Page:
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HIPAA Q&A: HIPAA and electronic signatures

Q: Are digital signatures permissible on custodian affidavit/declaration forms? Signing electronically instead of printing, signing, and scanning would streamline our process. We've never seen electronic signatures on these forms. Are they admissible in court? Some jurisdictions require original signatures, but we're uncertain what California requires. Are the ­federal e-Sign Act or California's e-Sign law applicable? Our ­organization has locations in 18 states.

A: Digital signatures on custodian affidavit/declaration forms generally are permissible. They meet the more stringent digital signature requirement eliminated when the HIPAA Security Rule was finalized in 2003. Consult legal counsel to determine whether your state allows use of digital signatures on these forms. Some state laws require that certain documents are signed physically, but this is not a HIPAA requirement.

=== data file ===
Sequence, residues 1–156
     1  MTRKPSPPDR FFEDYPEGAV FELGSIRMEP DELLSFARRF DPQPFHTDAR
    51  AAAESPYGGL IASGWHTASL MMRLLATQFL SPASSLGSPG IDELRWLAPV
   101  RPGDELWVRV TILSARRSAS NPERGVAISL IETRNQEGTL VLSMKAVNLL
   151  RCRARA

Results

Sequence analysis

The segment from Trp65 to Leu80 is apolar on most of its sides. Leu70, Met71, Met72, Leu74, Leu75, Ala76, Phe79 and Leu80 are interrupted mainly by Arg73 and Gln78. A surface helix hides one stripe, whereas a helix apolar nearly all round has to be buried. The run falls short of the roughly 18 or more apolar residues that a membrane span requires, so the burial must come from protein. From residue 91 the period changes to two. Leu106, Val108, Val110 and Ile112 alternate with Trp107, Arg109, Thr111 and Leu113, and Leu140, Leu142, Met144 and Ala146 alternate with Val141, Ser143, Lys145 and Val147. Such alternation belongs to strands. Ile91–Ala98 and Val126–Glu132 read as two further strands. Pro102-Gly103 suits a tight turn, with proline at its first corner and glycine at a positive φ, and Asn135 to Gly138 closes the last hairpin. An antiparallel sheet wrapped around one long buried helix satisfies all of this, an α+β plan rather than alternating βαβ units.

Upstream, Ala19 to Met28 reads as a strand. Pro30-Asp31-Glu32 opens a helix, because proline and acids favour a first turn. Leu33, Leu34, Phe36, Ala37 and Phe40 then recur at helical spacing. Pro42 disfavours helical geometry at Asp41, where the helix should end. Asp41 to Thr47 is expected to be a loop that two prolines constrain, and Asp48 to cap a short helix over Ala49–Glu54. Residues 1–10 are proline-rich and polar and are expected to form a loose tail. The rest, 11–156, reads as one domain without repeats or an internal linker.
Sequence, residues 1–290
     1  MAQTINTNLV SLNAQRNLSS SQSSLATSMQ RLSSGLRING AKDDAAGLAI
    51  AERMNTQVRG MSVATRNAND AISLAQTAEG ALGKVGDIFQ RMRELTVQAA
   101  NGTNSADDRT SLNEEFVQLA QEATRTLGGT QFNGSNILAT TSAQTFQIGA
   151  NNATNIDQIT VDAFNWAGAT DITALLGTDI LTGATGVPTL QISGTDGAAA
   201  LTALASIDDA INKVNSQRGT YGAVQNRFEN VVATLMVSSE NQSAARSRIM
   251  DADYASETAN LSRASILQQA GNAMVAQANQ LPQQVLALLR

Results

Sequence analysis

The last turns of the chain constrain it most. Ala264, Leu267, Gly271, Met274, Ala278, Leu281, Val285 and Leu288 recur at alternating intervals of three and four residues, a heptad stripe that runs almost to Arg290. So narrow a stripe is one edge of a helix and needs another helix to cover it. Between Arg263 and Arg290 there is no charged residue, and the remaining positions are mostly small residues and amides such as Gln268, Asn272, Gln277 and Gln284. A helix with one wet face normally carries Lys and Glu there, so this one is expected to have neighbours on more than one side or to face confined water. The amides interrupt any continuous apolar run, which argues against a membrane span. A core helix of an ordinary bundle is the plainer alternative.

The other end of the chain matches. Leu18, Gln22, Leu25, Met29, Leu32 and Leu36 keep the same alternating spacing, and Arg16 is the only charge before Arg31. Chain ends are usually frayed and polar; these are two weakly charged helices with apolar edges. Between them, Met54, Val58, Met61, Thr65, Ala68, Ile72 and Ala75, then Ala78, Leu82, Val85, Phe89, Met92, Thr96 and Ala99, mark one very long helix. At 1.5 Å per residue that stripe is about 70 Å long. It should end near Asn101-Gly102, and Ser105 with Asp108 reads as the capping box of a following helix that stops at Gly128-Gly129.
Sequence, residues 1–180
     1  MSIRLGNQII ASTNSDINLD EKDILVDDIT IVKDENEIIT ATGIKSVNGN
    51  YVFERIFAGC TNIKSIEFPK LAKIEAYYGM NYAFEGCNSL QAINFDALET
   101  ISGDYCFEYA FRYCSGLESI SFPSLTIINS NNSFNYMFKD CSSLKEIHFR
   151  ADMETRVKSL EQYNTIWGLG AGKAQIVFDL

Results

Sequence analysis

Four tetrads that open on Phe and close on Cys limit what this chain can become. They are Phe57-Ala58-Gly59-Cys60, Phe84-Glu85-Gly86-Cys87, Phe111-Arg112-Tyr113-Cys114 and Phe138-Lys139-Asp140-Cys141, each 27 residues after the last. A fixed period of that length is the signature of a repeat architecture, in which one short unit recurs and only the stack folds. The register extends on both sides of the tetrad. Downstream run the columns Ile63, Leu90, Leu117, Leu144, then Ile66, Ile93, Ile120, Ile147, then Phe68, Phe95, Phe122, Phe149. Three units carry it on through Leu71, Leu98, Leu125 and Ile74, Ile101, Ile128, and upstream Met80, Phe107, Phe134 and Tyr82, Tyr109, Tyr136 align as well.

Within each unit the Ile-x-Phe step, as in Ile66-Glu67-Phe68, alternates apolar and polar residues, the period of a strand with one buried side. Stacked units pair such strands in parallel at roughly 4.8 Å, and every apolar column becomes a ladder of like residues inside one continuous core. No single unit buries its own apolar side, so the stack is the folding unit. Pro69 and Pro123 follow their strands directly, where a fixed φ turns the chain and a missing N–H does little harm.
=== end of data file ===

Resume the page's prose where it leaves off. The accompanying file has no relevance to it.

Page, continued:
Electronic and digital signatures differ significantly-legally and technically. Federal law and many state laws allow electronic signatures on some documents. Electronic signatures can be a picture of a signature, an agreed-upon string of characters, a symbol, a signature typed into a signature block in an ­electronic form, and other personal non-encrypted, agreed-upon identifiers.
 
A digital signature is an encrypted "hash" or tag that is registered to an individual and ­accompanies transmission of electronic data or forms signed via computer. They are much more reliable than electronic signatures because they allow recipients to validate senders and prevent repudiation at a later date.
 
Editor's note: Chris Apgar, CISSP, president of Apgar & Associates, LLC, in Portland, Ore. answered this question, which first appeared in the May Briefings on HIPAA [1]. Apgar has more than 17 years of experience in information technology; he specializes in security compliance, assessments, training, and strategic planning. Apgar is a board member of the Workgroup for Electronic Data Interchange and chair of the Oregon and Southwest Washington Healthcare, Privacy and Security Forum.